What Is Slow Food > Slow Food USA Blog
Posted on Wed, December 26, 2007 by Jerusha Klemperer
This time last year, The New York Times Food Section remarked on 2006 as one in which everyone was talking about the politics of food. How about 2007? What are the pundits saying?
Over at Grist, we've got the top green food stories of 2007.
And at chow.com, a multi-faceted, very comprehensive Year in Food.
Check out the Philly Inquirer for 2007's buzzwords; alas, no Slow Food, but unfortunately yes to food on speed dial.
Reuters' round-up of top health issues in 2007 were 90% food stories. If the connection has not been clear before, here it is, writ simply and large: "Food=health."
Any other roundups you've seen?
Posted on Tue, December 25, 2007 by Jerusha Klemperer
On December 19th, our colleagues at Slow Food International posted on their website regretfully announcing the death of Sarah Freeman, British food writer, cook, and good friend of Slow Food. She was a regular contributor to the Slow journal, and a tireless supporter and promoter of the Ark of Taste.
Executive Director Erika Lesser has fond memories of traveling with her and about 60 others as part of an International Ark meeting in Florence in the fall of 2005. You can read Freeman's vivid account of it here.
A Spring 2003 Virginia Quarterly Review article called "The New Look–and taste–of Modern British Cuisine," places Sarah Freeman and her 1995 book, The Best of Modern British Cookery, as an essential link in the chain of British Food history. In the book Freeman–like a good Slow Food devotee– highlights British food classics, while concentrating on using local and seasonal ingredients.
Posted on Thu, December 20, 2007 by Jerusha Klemperer
An article in the business section of the NY Times earlier this week, about the revival of home milk delivery, got us thinking about the lost art of door-to-door guys. Interesting to note that in one of the photographs for the article, you can see that the milk is in plastic jugs, not the old fashioned (and sometimes quite beautiful) glass ones. A great example of old meets new–the revival of the old tradition, but with the accessories of new, disposable, fast life. One of the smart things about milk delivery is the recycling of the glass bottles, no?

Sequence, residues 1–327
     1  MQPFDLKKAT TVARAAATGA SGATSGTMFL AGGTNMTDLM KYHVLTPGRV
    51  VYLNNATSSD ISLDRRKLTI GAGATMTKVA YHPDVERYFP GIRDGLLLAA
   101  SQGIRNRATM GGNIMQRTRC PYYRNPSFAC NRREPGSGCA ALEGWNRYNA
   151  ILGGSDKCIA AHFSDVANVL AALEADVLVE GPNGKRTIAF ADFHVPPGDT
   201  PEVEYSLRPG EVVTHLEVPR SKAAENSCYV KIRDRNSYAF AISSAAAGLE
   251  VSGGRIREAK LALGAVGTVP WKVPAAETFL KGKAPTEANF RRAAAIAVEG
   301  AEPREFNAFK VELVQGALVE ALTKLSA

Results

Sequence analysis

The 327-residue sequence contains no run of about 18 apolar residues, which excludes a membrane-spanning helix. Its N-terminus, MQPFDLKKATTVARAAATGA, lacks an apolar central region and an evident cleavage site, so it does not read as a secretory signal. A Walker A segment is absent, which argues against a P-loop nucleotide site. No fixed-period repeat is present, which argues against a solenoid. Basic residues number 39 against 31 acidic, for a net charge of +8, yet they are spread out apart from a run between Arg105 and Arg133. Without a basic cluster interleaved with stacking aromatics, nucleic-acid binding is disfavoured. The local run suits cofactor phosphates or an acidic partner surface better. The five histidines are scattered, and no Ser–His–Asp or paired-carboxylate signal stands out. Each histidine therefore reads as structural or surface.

Seltzer delivery services, on the other hand, nearly extinct, are still done in the old glass bottles with the silver nozzles. Did some searching around to see if anyone is still doing this and found two notable examples: the Seltzer Sisters in the Bay Area, and Walter Backerman, the seltzer man, of the New York Beverage Co. He is featured in this interesting piece from NPR on New York's vanishing professions.
And what about the knife sharpening guys? Who used to travel around on a truck? We've seen one here in New York City, parked around town now and then. Do you have knife sharpening guys where you live? Seltzer delivery? Glass milk bottle delivery? Let us know…
Posted on Wed, December 19, 2007 by Jerusha Klemperer
As our weather becomes more and more extreme, it seems that it's a story of droughts and floods, droughts and floods. When farmers get hit by these weather events, it can be devastating.